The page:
Thursday, April 04, 2024 03:00PM

Abstract: This presentation will discuss current understanding of the molecular design features responsible for optimising charge transport in organic semiconducting polymers. Organic semiconducting polymers have been shown to be promising candidates to enable high charge carrier mobility in organic thin film transistors, which can find use in flexible displays and other electronic applications. We will take a close look at the molecular features responsible for the high charge carrier mobility of the indacenodithiophene-co-benzothiadiazole copolymer, a
benchmark semiconducting polymer employed in organic transistors. This will involve highlighting the influence of conformational coplanarity and side-chain assisted self-assembly to create efficient one-dimensional transport along conjugated polymer backbones, with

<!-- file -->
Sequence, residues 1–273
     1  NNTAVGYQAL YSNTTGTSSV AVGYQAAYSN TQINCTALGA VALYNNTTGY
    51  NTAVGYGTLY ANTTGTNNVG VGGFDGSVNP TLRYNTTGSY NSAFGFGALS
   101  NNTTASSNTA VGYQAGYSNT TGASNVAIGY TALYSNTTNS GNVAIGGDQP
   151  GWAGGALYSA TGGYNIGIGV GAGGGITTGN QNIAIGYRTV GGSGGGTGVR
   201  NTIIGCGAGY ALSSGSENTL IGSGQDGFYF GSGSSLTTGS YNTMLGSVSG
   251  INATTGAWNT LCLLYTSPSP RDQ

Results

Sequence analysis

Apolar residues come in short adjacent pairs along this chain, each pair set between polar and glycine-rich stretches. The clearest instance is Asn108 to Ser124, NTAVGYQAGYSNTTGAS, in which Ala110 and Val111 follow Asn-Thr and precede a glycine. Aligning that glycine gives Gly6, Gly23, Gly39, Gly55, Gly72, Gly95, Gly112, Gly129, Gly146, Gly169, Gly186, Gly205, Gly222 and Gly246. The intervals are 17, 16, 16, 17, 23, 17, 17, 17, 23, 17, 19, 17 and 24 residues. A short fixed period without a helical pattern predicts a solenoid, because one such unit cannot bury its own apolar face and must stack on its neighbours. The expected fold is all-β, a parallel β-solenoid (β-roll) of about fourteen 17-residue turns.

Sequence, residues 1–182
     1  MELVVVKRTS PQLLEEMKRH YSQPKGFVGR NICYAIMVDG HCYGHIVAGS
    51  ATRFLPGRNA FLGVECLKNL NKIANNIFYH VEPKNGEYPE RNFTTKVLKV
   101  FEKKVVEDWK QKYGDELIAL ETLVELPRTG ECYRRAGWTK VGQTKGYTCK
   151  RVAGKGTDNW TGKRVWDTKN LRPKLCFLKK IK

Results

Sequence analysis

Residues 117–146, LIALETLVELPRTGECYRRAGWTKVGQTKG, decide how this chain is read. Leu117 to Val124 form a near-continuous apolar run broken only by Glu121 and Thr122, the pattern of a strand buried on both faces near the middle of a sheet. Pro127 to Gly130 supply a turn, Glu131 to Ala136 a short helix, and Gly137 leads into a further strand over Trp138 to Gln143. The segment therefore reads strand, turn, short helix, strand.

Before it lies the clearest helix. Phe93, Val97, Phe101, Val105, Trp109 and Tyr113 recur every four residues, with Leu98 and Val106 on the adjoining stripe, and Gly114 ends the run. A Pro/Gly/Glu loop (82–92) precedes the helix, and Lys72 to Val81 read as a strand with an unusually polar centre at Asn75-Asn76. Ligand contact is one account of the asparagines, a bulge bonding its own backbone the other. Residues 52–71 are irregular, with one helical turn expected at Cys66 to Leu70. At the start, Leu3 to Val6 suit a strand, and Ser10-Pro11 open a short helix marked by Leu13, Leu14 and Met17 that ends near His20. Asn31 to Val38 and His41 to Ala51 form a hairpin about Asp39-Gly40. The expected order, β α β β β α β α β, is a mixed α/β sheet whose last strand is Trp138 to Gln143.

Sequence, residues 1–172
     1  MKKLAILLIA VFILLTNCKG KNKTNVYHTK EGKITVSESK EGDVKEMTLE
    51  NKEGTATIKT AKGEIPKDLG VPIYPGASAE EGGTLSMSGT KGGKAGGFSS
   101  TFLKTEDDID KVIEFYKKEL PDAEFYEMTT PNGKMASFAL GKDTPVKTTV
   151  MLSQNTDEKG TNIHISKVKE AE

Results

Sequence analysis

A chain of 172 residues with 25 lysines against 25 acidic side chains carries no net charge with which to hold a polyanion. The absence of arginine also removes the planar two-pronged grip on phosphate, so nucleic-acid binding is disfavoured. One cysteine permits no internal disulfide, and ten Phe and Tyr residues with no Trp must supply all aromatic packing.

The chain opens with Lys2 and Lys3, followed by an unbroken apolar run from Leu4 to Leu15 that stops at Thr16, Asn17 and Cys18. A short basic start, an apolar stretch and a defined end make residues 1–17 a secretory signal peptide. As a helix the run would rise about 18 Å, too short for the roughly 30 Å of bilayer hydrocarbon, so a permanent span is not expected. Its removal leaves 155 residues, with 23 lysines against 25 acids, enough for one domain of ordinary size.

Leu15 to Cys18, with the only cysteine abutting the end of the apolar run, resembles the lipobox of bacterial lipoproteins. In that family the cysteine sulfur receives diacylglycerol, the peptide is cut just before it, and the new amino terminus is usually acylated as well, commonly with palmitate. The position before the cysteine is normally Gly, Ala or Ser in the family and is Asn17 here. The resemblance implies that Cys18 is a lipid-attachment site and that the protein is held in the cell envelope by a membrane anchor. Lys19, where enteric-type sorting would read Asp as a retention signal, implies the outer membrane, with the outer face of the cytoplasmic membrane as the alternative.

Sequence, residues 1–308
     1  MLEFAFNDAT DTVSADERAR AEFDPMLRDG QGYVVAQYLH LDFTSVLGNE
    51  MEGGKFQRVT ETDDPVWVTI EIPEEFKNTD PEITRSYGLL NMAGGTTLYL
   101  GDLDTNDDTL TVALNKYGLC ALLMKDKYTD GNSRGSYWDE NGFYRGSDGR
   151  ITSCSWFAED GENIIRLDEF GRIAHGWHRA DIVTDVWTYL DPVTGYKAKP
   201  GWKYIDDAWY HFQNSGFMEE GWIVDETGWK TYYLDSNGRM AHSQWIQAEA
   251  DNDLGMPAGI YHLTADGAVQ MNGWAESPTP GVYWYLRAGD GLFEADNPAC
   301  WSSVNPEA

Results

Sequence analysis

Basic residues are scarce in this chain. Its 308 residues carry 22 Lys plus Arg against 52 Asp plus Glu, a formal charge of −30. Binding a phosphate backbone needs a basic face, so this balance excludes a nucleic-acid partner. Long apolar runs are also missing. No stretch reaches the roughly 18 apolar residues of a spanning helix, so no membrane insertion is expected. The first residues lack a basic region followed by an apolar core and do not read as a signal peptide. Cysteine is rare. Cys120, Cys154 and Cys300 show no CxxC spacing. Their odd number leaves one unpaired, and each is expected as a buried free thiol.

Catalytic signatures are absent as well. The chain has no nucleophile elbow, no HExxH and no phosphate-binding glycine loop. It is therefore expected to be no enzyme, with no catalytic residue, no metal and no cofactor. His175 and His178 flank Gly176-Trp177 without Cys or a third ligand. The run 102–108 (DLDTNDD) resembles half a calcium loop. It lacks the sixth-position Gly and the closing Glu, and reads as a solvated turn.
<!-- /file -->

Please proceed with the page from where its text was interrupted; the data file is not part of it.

sterically free "crossing points" allowing interchain hopping. Understanding the impact of both the organic semiconducting polymer design and processing conditions, on both molecular conformation and thin film microstructure has been demonstrated to be essential in
achieving the optimal transport properties.

Bio: lain McCulloch is the Director of the Andlinger Center for Energy and the Environment and a Professor of Electrical and Computer Engineering at Princeton University. He previously held joint appointments as Professor of Chemical Science at KAUST, the Director of the KAUST Solar Center, and Chair in Polymer Materials in the Chemistry Department at Imperial College. Before joining academia, he spent 18 years managing industrial research groups at Hoechst in the US and Merck in the UK. Among his many accolades, he is a Fellow of the Royal Society and the European Academy of Sciences, and a Member of Academia Europaea.